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I have a function:

function sendEther(address payable _to, uint amount) public  payable returns (bool) {
        bool success = _to.send(amount);
        return success;
    }

Now, how transferring funds work, is it first tries to grab the value from the caller's transaction and if it's not enough, then grabs the contract's funds and moves it to _to address.

Now, let's say that my contract address has 1 ether. contract has a function which moves 1 ether from it to another address. User calls this function. But user puts 0 ether while calling a function. If that's so, the function would still send 1 ether even though user put 0 ether.

Is this how it's supposed to be ? what if i don't want users to be able to lose my contract's funds ? they can call this function, but it should be their money that gets sent from my contract to another, not the actual contract's funds. I guess i'd need a require statement to check msg.value field right ?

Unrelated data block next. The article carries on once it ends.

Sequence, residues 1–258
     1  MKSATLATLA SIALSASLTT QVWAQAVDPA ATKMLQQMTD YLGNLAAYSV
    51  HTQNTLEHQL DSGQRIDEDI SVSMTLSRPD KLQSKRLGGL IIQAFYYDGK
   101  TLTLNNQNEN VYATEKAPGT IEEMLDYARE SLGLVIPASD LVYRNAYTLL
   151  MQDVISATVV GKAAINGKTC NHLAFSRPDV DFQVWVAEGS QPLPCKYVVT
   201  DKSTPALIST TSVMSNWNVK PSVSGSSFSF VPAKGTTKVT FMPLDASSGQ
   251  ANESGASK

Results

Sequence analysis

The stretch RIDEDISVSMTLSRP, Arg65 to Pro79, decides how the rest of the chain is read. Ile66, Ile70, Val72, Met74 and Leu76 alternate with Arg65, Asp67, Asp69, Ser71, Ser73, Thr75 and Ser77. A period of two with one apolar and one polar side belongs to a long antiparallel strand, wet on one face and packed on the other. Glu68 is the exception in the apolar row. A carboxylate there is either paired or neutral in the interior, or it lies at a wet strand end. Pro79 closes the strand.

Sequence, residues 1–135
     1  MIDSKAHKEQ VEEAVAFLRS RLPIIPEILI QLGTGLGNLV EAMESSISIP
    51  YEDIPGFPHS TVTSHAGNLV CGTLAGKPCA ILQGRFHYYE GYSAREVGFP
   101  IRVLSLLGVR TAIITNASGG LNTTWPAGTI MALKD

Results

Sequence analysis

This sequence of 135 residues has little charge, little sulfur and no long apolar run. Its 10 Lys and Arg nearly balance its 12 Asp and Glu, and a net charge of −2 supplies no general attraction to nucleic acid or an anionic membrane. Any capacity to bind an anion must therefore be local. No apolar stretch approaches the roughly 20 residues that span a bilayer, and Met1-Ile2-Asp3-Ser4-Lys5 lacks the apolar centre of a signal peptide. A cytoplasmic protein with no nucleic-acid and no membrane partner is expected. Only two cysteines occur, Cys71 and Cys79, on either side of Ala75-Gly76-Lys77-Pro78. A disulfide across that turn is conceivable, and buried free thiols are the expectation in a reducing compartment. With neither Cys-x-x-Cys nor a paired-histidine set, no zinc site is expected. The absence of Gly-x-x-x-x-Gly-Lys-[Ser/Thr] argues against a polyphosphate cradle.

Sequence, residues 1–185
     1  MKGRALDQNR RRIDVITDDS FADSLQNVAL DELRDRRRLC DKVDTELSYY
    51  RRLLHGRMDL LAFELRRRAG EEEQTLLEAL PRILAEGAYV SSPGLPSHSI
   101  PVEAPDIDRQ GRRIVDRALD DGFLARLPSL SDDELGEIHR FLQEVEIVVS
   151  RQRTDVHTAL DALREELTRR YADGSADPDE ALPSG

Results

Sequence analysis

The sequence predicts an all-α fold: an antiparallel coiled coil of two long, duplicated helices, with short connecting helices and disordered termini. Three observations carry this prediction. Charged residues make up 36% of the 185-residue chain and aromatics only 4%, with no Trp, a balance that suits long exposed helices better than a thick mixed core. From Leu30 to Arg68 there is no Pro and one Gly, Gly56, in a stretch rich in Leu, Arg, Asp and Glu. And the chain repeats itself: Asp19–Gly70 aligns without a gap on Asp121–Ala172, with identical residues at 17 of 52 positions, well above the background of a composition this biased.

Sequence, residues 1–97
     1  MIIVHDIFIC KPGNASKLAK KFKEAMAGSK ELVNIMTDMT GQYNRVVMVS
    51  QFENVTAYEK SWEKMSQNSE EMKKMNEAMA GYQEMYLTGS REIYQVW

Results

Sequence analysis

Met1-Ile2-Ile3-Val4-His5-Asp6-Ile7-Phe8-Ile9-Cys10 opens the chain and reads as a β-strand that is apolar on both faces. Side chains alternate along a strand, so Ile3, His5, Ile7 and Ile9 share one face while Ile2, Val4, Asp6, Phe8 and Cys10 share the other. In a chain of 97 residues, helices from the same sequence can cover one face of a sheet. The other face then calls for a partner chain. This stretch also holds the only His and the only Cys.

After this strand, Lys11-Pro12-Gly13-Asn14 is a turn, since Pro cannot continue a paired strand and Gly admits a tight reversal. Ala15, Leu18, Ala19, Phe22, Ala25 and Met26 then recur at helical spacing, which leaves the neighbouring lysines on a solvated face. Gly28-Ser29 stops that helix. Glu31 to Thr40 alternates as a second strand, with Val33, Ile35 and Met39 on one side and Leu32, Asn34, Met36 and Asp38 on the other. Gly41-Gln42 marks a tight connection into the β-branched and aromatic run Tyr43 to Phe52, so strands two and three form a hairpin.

Do you agree with me ?

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Is this how it's supposed to be?

No, you can (and should) omit the uint amount parameter.

Instead, the user should pass the desired amount within the msg.value.

This way, the user (and not your contract) will be the one providing the funds.

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  • Yes, it makes sense, but what i explained there how it works is correct, right ? other than that, about the solution, i agree. – Nika Kurashvili Oct 5 '20 at 21:20
  • @NikaKurashvili: BTW, you can (and should) get rid of the boolean return-value, and replace the send with transfer (which reverts upon failure instead of returning status). – goodvibration Oct 5 '20 at 21:23
  • Yes ! it's just an example code. – Nika Kurashvili Oct 5 '20 at 21:24

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